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Machinists, Families Make Preparations For Possible Strike

February 26, 1989

MIAMI (AP) _ Machinists and their families battened down the hatches and strike preparations swung into full gear as a 16-month contract dispute with money- losing Eastern Airlines went down to the wire.

Some held out hope for a last-minute settlement that would avert a strike when a 30-day cooling-off period expires at midnight Friday. The walkout also could be delayed for 60 days, if President Bush follows a recommendation from the National Mediation Board that he declare a presidential emergency.

Employees were uncertain what the future holds.

″I’m not really drowning in fear of what’s going to happen March 4,″ said Ted Ramirez, a 25-year Eastern employee. ″I still have total faith in (Machinists leader) Charlie Bryan. I think he’ll pull us out″ before a strike.

Last-ditch mediation began last week in Washington to resolve differences between management and the 8,500-member union. The airline is seeking $150 million in wage concessions; the Machinists want raises totaling $50 million.

Eastern has vowed to continue operating in the event of a strike. The company contends its survival is at stake as it seeks wage concessions from its largest union, which represents mechanics, baggage handlers and other ground-services workers.

Unless there is a settlement or Bush takes action, the company will be free to impose its terms on workers after the cooling-off period ends Friday. Presidential spokesman B. Jay Cooper, accompanying Bush on his trip to the Far East, said the president will consult with the labor, transportation and justice departments before deciding whether to block the strike.

Machinists, who overwhelmingly voted to support a strike sanction, have been bolstered by backing from the AFL-CIO and say they’re ready for a strike, if that happens.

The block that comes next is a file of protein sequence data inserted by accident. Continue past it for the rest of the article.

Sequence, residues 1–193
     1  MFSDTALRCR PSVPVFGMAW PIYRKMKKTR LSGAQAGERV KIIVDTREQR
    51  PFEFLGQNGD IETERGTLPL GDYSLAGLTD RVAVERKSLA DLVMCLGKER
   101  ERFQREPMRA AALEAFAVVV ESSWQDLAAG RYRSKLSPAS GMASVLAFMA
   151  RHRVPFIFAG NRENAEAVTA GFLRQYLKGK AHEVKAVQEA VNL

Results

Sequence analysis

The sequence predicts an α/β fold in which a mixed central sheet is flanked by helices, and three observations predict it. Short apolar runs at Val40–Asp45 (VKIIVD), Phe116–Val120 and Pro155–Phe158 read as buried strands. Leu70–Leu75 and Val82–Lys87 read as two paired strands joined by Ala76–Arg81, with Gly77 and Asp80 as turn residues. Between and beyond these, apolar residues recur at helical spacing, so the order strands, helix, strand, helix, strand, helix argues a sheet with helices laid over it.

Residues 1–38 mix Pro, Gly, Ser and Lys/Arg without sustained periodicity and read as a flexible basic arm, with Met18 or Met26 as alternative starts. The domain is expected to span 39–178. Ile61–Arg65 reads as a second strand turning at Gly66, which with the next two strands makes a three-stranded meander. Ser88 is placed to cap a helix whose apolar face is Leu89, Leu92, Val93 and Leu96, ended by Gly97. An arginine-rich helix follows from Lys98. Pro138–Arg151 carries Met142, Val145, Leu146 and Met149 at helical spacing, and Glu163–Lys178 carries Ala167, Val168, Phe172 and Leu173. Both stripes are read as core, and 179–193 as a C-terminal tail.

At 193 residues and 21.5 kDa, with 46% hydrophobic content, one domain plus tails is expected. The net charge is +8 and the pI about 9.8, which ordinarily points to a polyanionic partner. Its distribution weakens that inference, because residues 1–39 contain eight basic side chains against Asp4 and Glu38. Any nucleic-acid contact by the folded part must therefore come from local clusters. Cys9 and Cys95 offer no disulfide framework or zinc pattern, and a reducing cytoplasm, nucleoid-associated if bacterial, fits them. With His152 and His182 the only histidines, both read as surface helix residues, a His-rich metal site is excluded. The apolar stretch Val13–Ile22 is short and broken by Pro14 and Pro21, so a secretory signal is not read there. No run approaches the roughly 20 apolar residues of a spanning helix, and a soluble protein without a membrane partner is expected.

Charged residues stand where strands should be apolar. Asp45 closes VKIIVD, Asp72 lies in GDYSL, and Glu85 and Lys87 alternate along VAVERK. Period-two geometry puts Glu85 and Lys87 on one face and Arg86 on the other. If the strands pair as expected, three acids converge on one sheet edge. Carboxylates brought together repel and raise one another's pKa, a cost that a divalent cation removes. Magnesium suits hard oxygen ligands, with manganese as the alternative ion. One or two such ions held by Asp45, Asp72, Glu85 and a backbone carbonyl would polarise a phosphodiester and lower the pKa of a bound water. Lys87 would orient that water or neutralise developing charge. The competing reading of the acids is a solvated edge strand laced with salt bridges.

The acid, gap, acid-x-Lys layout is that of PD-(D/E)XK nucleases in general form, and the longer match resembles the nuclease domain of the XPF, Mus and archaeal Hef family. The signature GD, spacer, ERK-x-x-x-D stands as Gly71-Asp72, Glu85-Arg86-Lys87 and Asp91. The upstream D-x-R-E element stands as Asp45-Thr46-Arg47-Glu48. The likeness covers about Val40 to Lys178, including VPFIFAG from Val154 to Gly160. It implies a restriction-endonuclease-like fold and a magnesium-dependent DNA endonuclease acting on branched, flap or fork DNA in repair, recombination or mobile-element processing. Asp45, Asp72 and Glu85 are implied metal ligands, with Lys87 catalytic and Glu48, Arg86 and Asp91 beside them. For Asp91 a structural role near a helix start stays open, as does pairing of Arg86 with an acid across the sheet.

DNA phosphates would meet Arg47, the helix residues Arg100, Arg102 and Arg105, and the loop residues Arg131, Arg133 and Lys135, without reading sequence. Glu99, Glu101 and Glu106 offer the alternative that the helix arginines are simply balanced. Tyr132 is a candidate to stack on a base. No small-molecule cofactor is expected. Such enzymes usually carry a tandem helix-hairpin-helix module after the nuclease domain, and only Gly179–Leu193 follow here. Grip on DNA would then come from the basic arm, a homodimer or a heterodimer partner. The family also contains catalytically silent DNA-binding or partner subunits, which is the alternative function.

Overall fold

″I’m not looking forward to it. However, it’s something that has got to be done,″ said Tom Minick, an eight-year Eastern veteran.

The labor turmoil has led many machinists’ families to keep a tight rein on their finances and shore up their savings. But many worry about making it through a strike if it lasts more than a few months.

″We considered buying a car. We’re not. We considered home improvements. We’re not. Everything’s on hold,″ said Marti Kirsch, wife of 23-year Eastern avionics mechanic Charlie Kirsch. ″It has been constant stress and turmoil.″ Management-labor relations at Eastern, which have been tense for years, worsened since Texas Air Corp. took over 2 1/2 years ago.

Machinists blame the Miami-based carrier’s financial straits - losses of about $1 million a day and estimated losses of $335.4 million for 1988 - on mismanagement and say the airline just wants to get rid of the unions.

″If (Texas Air chairman Frank) Lorenzo would drop out of the picture and take his henchmen ... and put somebody from the airline industry to run this airline, we’d start making money tomorrow,″ Ramirez said.

Ramirez, part of a joint union-company team created in 1983 to find ways to save money for the company, said Eastern is simply not interested in cutting costs.

Eastern spokeswoman Karen Ceremsak said the program has been effectively put on hold because of the contract dispute and disagreement between the union and management on what is a legitimate cost-saving idea.

″It’s great in theory but not enough to put the company on sound financial footing,″ Ms. Ceremsak said.

Machinists are also quick to point out that non-union sister Continental Airlines has minimal labor costs and yet still loses money.

Charlie Kirsch said he believes the outcome at Eastern could set a precedent for the rest of the airline industry.

″The ramifications are so immense, no can really look into the future and see what the airline industry will be like five years from now,″ he said.

Meanwhile, Kirsch says that at 52 and with nearly 24 years under his belt at Eastern, he doesn’t relish the prospect of having to start over if the carrier collapses.

″Hopefully, it will never come to that,″ he said.

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